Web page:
Sunday, 30 October 2016

That's what friends are for

One of my favourite childhood films was “The Jungle Book”, the Walt Disney version. I loved it so much that I didn’t go and see the remake that came out last year, for fear it my ruin my memory of the original. We even had an album of the movie soundtrack which I used to love to listen to on a Sunday afternoon at my grandma’s. I loved the songs, so many classics.

One of my favourite songs came back into my memory the other day. It was sung by the quartet of vultures who had a more than passing resemblance to the “Fab Four” “The Beatles”. They sang it to Mowgli who was feeling very lost and lonely in the jungle, without any friends. The song was of course “That’s what friends are for.” Composed by Richard M. Sherman and Robert B. Sherman

"That's what friends are for!"

Friends and friendship have been on my mind quite a bit these last few weeks. It
was sparked off by a posting by my oldest and maybe dearest friend on Facebook. It had taken him months to pluck up the courage to do so and it touched me and many of our mutual friends deeply.

A few months previously he had been diagnosed with a form of Asperger’s Syndrome and had written this post to let his friends know. He talked about many of his struggles with certain aspects of communication throughout his life and apologised if he had ever offended anyone of us. The many responses from friends, of some 40 odd years of life, were beautifully moving. He is a deeply loved man and the reason for this is that he has always been a caring and loving friend to so many people, if a little “different”, from the so-called “norm”. He certainly has never done anything to offend me. I cannot say the same about me offending him by the way.

As I read the many loving and supportive posts I remembered our friendship and the many friends we had shared together. Going right back to second year at Batley Grammar school. I remembered going to watch Leeds United, our first terrifying encounters with the opposite sex and making music together and many other years that followed. We have not been as close for the last dozen or more years, but my goodness we shared so much together. When I think of many of the friends we shared and hung out with we were mostly misfits, never quite the norm. They say birds of a feather stick together, I think that there is a lot of truth in that.

As I remembered all the many friends I have shared over the years the quality that stands out the most is the level of acceptance of one another, despite all our peculiarities. This still stands today. Joan Chittister was so right when she said “Acceptance is the universal currency of real friendship. . . .It does not warp or shape or wrench a person to be anything other than what they are.” Acceptance is the true sign of friendship, radical acceptance of one another, exactly as we are. Perhaps that’s what a truly open religious community is, a collection of real friends. Friends who accept one another exactly as they are.

I think the greatest blessing of my life has been my friends. I have many friends, loyal friends and loving friends. Friends who have stood up for me and loved me at some pretty dark times in the past.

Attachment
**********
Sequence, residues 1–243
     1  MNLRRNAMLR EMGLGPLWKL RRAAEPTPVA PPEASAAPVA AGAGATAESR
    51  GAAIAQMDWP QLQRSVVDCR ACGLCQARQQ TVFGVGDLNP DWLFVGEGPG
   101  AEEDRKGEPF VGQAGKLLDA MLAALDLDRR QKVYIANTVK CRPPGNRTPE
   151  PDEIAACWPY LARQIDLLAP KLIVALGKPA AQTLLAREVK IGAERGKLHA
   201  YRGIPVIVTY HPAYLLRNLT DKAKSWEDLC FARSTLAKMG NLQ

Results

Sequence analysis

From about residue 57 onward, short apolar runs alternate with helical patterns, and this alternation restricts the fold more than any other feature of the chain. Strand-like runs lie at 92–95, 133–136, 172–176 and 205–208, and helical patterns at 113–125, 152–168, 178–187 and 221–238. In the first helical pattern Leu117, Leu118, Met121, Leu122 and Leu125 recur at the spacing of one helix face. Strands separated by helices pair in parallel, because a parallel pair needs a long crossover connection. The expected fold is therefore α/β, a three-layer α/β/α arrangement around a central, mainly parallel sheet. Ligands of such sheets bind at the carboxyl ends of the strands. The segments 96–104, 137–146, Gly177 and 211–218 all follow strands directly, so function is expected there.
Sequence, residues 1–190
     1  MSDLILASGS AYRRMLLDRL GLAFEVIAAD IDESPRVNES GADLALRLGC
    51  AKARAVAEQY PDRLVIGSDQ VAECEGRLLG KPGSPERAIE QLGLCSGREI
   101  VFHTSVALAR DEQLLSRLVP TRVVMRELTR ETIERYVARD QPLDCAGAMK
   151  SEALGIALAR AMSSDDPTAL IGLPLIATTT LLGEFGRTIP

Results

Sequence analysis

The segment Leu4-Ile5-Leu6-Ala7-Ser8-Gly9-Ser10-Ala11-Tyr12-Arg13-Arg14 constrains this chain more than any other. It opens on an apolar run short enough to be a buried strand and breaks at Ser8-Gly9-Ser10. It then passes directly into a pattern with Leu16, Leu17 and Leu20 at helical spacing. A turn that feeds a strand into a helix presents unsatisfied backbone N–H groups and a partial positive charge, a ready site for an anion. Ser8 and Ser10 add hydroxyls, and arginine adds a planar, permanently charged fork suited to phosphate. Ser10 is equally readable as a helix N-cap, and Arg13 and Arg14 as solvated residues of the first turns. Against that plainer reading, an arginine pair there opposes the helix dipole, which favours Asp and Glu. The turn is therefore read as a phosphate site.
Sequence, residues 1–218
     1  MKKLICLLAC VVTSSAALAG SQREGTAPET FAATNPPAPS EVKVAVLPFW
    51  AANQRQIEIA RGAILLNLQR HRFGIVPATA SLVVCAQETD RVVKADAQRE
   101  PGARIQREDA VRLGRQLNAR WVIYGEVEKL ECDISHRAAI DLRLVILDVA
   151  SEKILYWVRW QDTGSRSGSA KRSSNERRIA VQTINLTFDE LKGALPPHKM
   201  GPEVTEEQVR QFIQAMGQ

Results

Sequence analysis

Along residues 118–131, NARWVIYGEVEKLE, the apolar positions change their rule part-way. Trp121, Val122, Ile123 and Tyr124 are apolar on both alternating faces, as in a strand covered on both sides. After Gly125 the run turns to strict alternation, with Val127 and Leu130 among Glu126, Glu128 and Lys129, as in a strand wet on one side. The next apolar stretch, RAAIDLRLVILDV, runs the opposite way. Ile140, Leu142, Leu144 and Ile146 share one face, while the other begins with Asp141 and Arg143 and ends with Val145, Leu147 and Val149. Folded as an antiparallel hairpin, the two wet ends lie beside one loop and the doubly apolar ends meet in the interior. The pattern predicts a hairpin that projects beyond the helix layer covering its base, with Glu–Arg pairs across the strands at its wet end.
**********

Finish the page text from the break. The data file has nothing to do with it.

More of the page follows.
Friends have always stood up for me, going right back to primary school. I remember an incident when I would have been about 11 years old and had just begun to be allowed to do sport again. I was pretty useless, but very determined and others appreciated this. I remember there being an inter schools cross country event and all the schools in the district entered. Each had to pick a team and this was selected over a series of races. I wanted to compete, I don’t know why today as there was no chance of me getting into the team, on athletic ability. Each week though I ran in the race and each week I scored few points, certainly not enough to qualify, but I stuck at it. It came to the final race and I went for it. I was not doing well enough though as another lad who also wanted to run was ahead of me. Then something amazing happened. The star athlete of the school decided to help me out. He did it in a rather unsporting way by convincing this other lad to let me beat him and thus qualify at his expense. I do not know to this day why he did it, but I will never forget Darren’s gesture. Yes I felt bad for the other lad, but I can’t tell you how much it meant to me to run in the team. We ran, we didn’t win and I didn’t come last, actually about half way, better than I could ever have dreamed of. I just ran and ran as best I could across the muddy fields, lap after lap. I even lost one shoe half way round but just kept on going not daring to stop to pick it up for fear I wouldn't be able to begin again. One lad crossed the line a little after me with my shoe in his hand looking rather puzzled. I just grinned and thanked him as I claimed it back. I can think of countless other times when friends have been there for me, protected and helped me in so many ways. Other times when they have encouraged and spurred me on to be a better me. Too many to mention here today. It happened recently after something I posted on line, which irritated someone, who became quite critical of the comment and me personally. I chose not to respond to the criticism, but some of my friends did. Their responses were beautiful and touched me deeply. I am a lucky man, to have been blessed by so many good and loyal and loving friends.